Chris Blythe: Lack of lending is a bitter pill to swallow
Lending by banks and building societies in the three months to February tumbled by around £9bn. In February alone lending fell by £4bn to its lowest level for almost two years, according to The Daily Telegraph.
It is sobering news when everyone wants the banks to make more money available to business so that we can grow out of the recession.
Why is this happening? There are a number of things at play. First, banks want unreasonable levels of security and that is making investment propositions unfeasible. Also, it is getting more expensive despite base rates being at record lows. But of course banks don’t fund themselves at base rate, they have to go on the markets themselves to borrow and what they can borrow at is dependent upon the quality of the assets they hold.
Another factor is the new solvency requirement that is making banks hoard more cash. They do this in two ways: they don’t lend, thereby not creating any risk; and they reduce customer borrowing by reducing overdraft levels for customers. This is where real damage happens because as cash comes in, the banks snaffle it and at a stroke working capital available to firms has gone.
Enterprises that don’t have much in the way of fixed assets find it tougher to borrow money. A construction company when compared to a manufacturer of a similar turnover has negligible assets. It has people and it has contracts and advance payments. The manufacturer may have a wide customer base, a factory and plant and equipment, a product and designs as well as inventory. There is reasonable security to borrow upon. Also there is often predictability in the business.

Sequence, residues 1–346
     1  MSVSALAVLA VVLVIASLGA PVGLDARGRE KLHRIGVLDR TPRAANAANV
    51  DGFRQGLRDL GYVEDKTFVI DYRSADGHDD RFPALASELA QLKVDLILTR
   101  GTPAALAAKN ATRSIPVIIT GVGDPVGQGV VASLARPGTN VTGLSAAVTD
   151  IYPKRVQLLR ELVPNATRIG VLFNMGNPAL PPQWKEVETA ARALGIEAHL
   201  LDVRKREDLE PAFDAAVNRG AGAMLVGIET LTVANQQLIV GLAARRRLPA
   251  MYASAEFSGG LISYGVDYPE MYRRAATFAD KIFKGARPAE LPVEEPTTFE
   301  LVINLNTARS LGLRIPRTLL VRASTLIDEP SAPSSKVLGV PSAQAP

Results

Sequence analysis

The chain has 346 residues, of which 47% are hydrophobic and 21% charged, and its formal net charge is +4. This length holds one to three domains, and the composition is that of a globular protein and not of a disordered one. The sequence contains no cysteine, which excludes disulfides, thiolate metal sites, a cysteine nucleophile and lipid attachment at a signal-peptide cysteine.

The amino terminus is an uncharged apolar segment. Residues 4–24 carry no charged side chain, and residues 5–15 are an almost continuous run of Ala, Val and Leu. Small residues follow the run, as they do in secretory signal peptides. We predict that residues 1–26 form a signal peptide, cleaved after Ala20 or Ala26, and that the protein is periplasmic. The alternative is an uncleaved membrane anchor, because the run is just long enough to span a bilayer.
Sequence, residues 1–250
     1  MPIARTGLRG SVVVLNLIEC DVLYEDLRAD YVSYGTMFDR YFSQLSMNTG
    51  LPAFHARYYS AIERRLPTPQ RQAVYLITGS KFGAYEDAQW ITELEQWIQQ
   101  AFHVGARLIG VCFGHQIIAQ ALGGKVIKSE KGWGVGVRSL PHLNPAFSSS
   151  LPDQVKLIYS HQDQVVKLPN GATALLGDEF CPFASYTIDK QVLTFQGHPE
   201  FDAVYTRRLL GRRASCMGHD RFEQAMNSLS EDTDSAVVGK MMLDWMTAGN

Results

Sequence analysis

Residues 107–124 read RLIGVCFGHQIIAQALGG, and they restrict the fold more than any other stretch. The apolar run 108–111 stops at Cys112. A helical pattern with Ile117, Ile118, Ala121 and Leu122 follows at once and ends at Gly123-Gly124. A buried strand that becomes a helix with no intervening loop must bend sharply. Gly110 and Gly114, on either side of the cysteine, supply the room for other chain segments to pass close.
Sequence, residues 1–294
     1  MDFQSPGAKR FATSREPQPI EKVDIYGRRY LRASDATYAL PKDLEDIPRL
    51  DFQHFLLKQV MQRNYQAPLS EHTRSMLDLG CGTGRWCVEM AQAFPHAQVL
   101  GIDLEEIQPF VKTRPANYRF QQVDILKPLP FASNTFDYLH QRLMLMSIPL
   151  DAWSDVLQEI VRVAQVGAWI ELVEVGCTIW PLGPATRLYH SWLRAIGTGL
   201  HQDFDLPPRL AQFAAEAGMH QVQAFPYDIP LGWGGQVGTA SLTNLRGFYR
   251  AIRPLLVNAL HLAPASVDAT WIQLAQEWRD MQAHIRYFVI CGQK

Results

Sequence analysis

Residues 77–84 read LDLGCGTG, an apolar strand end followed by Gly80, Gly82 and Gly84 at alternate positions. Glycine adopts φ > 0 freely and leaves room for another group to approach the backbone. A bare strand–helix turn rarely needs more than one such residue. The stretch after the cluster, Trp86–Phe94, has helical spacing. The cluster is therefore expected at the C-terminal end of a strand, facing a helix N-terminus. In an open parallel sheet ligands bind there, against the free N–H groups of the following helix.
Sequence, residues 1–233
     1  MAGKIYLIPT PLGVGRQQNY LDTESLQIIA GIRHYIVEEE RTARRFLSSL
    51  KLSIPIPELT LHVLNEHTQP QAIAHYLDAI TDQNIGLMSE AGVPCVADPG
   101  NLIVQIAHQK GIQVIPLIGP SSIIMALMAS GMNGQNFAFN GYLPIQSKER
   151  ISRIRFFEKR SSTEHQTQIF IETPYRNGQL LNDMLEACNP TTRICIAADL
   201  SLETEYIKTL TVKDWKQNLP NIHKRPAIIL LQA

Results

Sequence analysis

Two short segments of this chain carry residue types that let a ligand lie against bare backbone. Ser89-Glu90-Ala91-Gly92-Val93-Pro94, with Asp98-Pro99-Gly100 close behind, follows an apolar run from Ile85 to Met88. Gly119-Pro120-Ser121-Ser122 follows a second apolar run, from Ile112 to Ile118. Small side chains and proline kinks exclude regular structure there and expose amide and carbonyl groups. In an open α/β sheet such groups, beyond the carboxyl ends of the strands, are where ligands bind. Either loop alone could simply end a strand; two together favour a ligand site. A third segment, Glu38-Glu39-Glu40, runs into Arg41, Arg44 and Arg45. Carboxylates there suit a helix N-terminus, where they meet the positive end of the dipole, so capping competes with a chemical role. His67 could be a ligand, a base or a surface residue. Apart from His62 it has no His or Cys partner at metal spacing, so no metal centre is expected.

It’s pretty clear that Project Merlin, the government’s deal with the banks to improve cash flow for SMEs, is making little impact.
The biggest danger to firms is usually as recessions are ending and business starts to improve. That’s when the shortage of cash hits hardest. Without the support of lenders, it becomes impossible to continue.
Overall confidence is not helped by the problems in the Eurozone and the imposition of strict austerity measures as the medicine. With some commentators threatening the collapse of the euro and others the reverse, it’s hard to understand what will happen, hence lenders’ defensive attitude.
The medicine we are being asked to take seems to be killing the patient, so you have to question the medicine.